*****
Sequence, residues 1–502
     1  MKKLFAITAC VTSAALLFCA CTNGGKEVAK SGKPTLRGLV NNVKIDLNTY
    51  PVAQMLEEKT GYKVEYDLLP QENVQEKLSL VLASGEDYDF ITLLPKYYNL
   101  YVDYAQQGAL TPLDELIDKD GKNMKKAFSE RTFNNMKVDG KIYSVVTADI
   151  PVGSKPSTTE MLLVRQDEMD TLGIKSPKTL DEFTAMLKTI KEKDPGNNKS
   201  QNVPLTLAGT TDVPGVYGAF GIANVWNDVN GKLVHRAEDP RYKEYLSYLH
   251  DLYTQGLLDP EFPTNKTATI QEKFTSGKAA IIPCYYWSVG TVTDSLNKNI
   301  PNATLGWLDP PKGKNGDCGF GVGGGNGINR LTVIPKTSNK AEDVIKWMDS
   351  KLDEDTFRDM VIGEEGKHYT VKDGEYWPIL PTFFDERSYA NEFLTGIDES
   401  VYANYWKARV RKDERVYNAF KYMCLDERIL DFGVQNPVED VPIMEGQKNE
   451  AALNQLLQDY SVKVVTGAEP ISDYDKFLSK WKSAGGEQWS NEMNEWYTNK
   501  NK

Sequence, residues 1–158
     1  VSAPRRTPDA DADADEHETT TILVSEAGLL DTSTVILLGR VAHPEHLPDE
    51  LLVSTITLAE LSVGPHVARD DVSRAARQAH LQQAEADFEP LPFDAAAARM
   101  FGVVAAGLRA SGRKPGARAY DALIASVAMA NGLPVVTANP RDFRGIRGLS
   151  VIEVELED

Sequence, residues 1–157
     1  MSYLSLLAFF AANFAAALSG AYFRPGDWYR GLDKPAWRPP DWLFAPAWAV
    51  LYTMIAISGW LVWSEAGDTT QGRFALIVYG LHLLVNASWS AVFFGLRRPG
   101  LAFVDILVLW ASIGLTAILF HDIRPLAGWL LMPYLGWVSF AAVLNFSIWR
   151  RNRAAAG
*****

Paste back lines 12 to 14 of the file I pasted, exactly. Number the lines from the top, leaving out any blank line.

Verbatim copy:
   501  NK

Sequence, residues 1–158
     1  VSAPRRTPDA DADADEHETT TILVSEAGLL DTSTVILLGR VAHPEHLPDE